The Telegraph
Since 1st March, 1999
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Gender breakdown in jail

Balurghat, Sept. 3: Even as the state administration goes on an overdrive to improve prison conditions following the Malda lock-up tragedy, the Balurghat district jail stands out as a glaring example of the collapse of the system.

The sub-jail, in the home constituency of Biswanath Choudhury, the state minister for prisons and local MLA, was promoted to the status of a district prison in 1996.

The premises were moved to Hussainpur and work began soon after to build a penitentiary on the lines of a “rehabilitation centre for the prisoners.”

Though separate wards for women inmates, cordoned off from their male counterparts by high walls, and a separate section for inmates sentenced to rigorous imprisonment were built, implementation of the lofty plans left a lot to be desired.

The women’s wing today serves a different purpose — accommodating security personnel of the prison. As for the women, they have been relegated to a section of the male wing built to house RI inmates.

“Though all arrangements were made for the prison to function on the lines of a rehabilitation centre, the lack of barracks or quarters for the forces stalled the process,” a jail staff said.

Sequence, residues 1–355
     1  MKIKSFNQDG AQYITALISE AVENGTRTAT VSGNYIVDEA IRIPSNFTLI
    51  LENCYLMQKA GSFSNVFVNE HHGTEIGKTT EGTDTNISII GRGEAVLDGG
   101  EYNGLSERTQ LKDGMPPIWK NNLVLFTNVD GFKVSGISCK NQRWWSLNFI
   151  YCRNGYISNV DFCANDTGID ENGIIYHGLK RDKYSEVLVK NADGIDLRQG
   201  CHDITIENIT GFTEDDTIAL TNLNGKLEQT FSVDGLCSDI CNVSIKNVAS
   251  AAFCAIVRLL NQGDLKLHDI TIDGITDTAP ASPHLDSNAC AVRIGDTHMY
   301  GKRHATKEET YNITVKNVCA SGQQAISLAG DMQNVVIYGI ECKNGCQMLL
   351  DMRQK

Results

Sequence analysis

Taking stock of the situation, a barrack was built last year. But with a 10-family capacity, it has done precious little for the 30 other employees who continue to call the female ward theirs and have a female warder for company.

Of the six cells in the female ward, one is occupied by a woman warder and three by senior security guards. One of the cells has been condemned while the other doubles as a kitchen.

Sources, however, said that the transfer of females to the male ward was not the only problem the district jail had on its hands.

That the superintendent, jailer, doctor and pharmacist stayed a considerable distance away from the prison was a matter of grave concern.

“The chances of them being able to be present in the event of an emergency is slim,” the sources said. “Communication problems only compound the situation.”

The jail has an ambulance that is used for all official purposes. With no other vehicle around, the authorities will be in a fix if the ambulance is not available,” they added.

Deputy inspector-general, north, Parimal Das has requested the transfer of the female inmates back to their ward, though no step to this end seems forthcoming.

When asked about the repercussions of converting a part of the prison into staff quarters indefinitely, superintendent M. Guyen ducked.

He did not have the authority to make a statement in the matter, Guyen said.

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